The Next Wave of Big Data Technologies

Fueled by the growing demand for data-driven insights, as well as the explosion of new data sources and formats, innovative big data technologies continue to expand. While the long-trusted RDBMS still reigns supreme in most organizations, the surging force of data from social media, mobile devices, IoT, and other sources, as well as the availability of additional options for data storage and processing, means that there is plenty of room for disruptive new approaches.

Fueled by the growing demand for data-driven insights, as well as the explosion of new data sources and formats, innovative big data technologies continue to expand.

The Summer issue of Big Data Quarterly magazine is now available for download.

According to a recent Unisphere-AWS survey, over the next 3 years, 60% of IT managers, DBAs, and C-level executives expect to store more data in the cloud than on-premise. In addition, the use of NoSQL platforms, including document, graph, columnar, and in-memory, which are still in the relatively early days of adoption, will also see an increase, spurred by new applications for the technology and an increased availability of skills and expertise. At this point, more than half of the respondents have been running NoSQL applications for just 2 years or less, the survey found.

IoT, blockchain, and automation are some of the newer technologies expected to loom large.

By 2030, Cisco projects that 500 billion devices with sensors will connect to the internet as part of IoT, the network of linked devices that collect data, interact with the environment, and communicate.

While still in the early stages, blockchain is one of the most talked-about new technologies. A recent SAP study found that organizations are optimistic about its potential benefit for a range of business challenges—with supply chain and IoT segments showing particularly promising use cases.

Automation, another key trend tech on the horizon, will also play a greater role in the future, according to a Dell Technologies survey which looked at the changing relationship between humans and emerging technologies by 2030. The survey found that 82% of business leaders expect their workforce and machines to work as integrated teams within 5 years.

The next wave of new enterprise technology—as well as the skills needed to maximize them—is explored from a variety of viewpoints in the Summer issue of Big Data Quarterly magazine.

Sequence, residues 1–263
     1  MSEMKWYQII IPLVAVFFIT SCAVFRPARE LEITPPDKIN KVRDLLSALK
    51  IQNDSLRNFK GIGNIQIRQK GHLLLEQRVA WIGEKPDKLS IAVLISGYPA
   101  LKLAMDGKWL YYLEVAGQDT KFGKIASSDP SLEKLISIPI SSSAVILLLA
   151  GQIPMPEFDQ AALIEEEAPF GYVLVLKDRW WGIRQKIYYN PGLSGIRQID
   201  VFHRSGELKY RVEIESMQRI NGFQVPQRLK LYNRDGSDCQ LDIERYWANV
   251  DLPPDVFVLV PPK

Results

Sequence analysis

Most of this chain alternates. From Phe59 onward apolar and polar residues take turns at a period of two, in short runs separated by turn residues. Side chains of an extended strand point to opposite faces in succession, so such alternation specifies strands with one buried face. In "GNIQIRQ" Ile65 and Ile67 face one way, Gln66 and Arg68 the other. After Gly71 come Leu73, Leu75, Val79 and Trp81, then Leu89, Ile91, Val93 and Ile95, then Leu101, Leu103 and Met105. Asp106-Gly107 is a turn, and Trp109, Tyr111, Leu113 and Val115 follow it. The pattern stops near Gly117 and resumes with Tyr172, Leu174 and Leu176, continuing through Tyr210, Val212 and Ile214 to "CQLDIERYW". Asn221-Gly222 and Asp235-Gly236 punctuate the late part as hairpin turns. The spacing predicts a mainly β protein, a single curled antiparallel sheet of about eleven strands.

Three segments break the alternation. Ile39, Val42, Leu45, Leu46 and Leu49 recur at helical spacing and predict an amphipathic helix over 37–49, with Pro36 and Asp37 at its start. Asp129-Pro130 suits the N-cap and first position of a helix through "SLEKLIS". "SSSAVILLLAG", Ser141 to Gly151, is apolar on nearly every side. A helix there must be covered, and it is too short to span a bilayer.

Craig S. Mullins provides an overview of the key technologies for a strong enterprise foundation, ranging from microservices and DevOps to AI and machine learning. “Technology is constantly changing, and IT architects need to keep up with modern developments to ensure that their companies are achieving the best possible return on their IT investment,” notes Mullins.

“The successful enterprise architects quickly grasp, structure, and analyze information to solve imminent challenges, with a focus on continuous assessment of systems and processes,” adds André Christ, in his article on the key traits of the enterprise architects of the future.

In addition, Nathan Zenero drills down on the attractive properties of blockchain and why organizations should consider using it, while Philip On reflects on the convergence of transactional and analytical data platforms which some analysts have dubbed “Translytical Data Platform” or “Hybrid Transactional/Analytical Processing (HTAP).”

Looking at IoT, another relatively new technology likely to result in great changes to decision making, regular BDQ columnist Bart Schouw examines the seven characteristics of successful IoT projects. As IoT matures, he says, there is the need to start sharing information about what works and what doesn’t and where  to start the IoT or IIoT journey

And, there are many more articles in the Summer issue of Big Data Quarterly magazine on the use of new big data technologies for better decision making and agility. To stay on top of the latest trends, research, and product news, be sure to visit www.dbta.com/bigdataquarterly.



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